On the other 364 days of the year, this couscous makes a fabulous side dish for lamb and roasted chicken. It is also great to bring to picnics and parties!

{ Ingredients }

For the Couscous:

  • 2 tablespoons olive oil
  • 2 cups Israeli couscous (or barley or orzo)
  • 4 cups low-sodium chicken broth
  • 1/4 cup chopped fresh flat-leaf parsley
  • 1 1/2 tablespoons chopped fresh rosemary leaves
  • 1 teaspoon chopped fresh thyme leaves
  • 1 medium green apple, diced
  • 1 cup dried cranberries
  • 1/2 cup slivered almonds, toasted in oven*

*Note: To toast the almonds, preheat the oven to 350 degrees F. Arrange the almonds in a single layer on a baking sheet. Bake for 8 to 10 minutes or until golden brown. Cool completely before using.

For the Vinaigrette:

  • 1/4 cup apple cider vinegar
  • 3 tablespoons maple syrup
  • 1/2 teaspoon kosher salt
  • 1/2 teaspoon freshly ground black pepper
  • 1/4 cup olive oil

{ To Make the Couscous }

In a medium saucepan, heat the olive oil on medium-high heat. Add the couscous and cook, stirring occasionally until browned and aromatic, about 3 to 5 minutes. You really want to open up the nutty flavors of the couscous so it is important that you let it brown properly!. Add the chicken broth and bring to a boil. Simmer for 10 to 12 minutes, or until the liquid has evaporated. Transfer the cooked couscous to a large bowl and set aside to cool.

Add the parsley, rosemary, thyme, apple, dried cranberries, and almonds.

{ To Make the Vinaigrette }

In a small bowl, combine the vinegar, maple syrup, salt, and pepper. Whisk in the olive oil until smooth. Pour the vinaigrette over the couscous and toss to coat evenly.

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Greek Orzo Pasta Salad *****

Greek Orzo Pasta Salad with Tomatoes, Feta, and Kalamata Olives

January 2nd of 2010 is a day that I remember vividly. I was on a train hysterically bawling my eyes out, hard-core fighting with my ex-boyfriend via text messaging (the most popular way for young couples to fight these days!). The whole train was starring at me and I couldn’t pull myself together to quit sobbing, so they endured the sound track of my agonizing heartache for the entire ride from New York to Philly (I personally apologize to every passenger). It was a pretty rough start to what turned out to be a rather rough year, but this year started out completely different and so I’m feeling great about 2011!! I rang in this New Year eating and drinking with the most hospitable and hilarious Greek family that I have ever met…we could title the evening as: “my big fat Greek dinner!”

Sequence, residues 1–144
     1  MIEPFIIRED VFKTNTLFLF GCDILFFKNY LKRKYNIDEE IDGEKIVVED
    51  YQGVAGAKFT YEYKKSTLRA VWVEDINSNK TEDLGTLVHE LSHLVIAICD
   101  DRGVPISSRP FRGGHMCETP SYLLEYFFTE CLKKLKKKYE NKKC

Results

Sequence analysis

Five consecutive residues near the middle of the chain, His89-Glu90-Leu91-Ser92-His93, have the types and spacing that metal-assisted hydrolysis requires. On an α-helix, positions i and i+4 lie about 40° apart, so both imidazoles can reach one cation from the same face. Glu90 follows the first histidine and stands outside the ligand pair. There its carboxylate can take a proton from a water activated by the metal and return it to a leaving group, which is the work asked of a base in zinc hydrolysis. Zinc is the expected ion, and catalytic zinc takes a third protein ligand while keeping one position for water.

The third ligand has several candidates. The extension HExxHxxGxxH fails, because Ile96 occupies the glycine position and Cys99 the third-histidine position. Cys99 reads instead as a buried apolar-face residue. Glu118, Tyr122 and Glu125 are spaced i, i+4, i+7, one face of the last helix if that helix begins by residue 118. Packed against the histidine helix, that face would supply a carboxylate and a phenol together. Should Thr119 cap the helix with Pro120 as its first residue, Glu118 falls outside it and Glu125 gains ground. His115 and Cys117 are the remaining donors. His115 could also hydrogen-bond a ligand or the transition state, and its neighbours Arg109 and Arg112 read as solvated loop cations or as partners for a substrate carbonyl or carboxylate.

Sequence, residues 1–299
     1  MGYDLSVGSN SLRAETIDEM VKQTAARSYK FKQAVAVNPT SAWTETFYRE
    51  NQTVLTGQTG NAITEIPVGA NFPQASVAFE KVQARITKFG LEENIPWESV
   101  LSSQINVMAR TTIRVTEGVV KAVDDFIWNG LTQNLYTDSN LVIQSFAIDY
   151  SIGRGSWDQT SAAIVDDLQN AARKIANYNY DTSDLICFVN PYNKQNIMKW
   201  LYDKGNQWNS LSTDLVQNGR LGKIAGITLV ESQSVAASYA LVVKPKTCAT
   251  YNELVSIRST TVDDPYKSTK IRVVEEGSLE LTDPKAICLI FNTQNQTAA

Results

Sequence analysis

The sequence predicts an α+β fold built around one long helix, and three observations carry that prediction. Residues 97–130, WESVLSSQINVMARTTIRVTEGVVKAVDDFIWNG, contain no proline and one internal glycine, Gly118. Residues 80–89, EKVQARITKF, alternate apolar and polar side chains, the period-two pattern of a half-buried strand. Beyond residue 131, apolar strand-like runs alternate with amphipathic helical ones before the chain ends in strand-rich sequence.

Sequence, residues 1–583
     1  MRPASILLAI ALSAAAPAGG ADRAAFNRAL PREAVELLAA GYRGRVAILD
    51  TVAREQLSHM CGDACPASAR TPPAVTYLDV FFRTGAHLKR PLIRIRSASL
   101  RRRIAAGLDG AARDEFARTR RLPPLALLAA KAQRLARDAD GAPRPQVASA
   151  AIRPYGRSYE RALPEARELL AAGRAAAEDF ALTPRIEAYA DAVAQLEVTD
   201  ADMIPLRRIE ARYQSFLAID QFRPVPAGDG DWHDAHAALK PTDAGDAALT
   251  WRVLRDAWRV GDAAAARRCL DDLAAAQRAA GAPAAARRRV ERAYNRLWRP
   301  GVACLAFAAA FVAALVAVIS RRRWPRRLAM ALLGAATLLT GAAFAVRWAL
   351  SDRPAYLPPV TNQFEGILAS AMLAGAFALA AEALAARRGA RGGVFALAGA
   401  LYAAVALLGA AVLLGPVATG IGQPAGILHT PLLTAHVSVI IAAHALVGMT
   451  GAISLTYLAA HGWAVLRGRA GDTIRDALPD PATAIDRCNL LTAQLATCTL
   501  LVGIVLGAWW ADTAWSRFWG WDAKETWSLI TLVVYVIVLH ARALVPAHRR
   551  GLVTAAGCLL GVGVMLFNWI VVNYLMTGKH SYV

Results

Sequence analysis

You see, I’ve been third wheeling it with Ariana and her boyfriend, Harry, the past couple of days, and so when they headed up to Boca Raton for Harry’s family dinner, naturally, I followed! He had given us the disclaimer on each family member before we went and tried to prepare us for what to expect that evening, but I had no idea just how much of a treat I was in for! The three of us show up around 4 O’Clock and it’s just us and his immediate family and grandmother, Yaya (pronounced, Yah-Yah). I recalled from his pep talk earlier that Yaya doesn’t speak English…or so he thought. Turns out that you can learn a lot about your family by watching them interact with non-family members (such as their ability to speak another language…fluently!). Yaya follows Ariana and I outside and strikes up a conversation speaking perfect English to everyone’s amazement. I guess Yaya has selective English, and only “no speak English good” when she wants to. Hey, with age comes wisdom.

Very quickly though people start trickling through the door, and I found myself standing up to greet someone new on 5 minute intervals. This continued for about an hour until the entire family and their plus one date (because everyone brought a friend) was gathered around the table outside. It got so crowded that Harry suggested making a “kid’s table” for anyone under the age of 25. This quickly turned into the drunken table enveloped by a cloud of cigarette smoke—bringing new meaning to the definition of “kids table.” We snacked on fresh mozzarella, sliced tomatoes, salami, cheese, and salmon bites while throwing back beers and red wine over great conversation.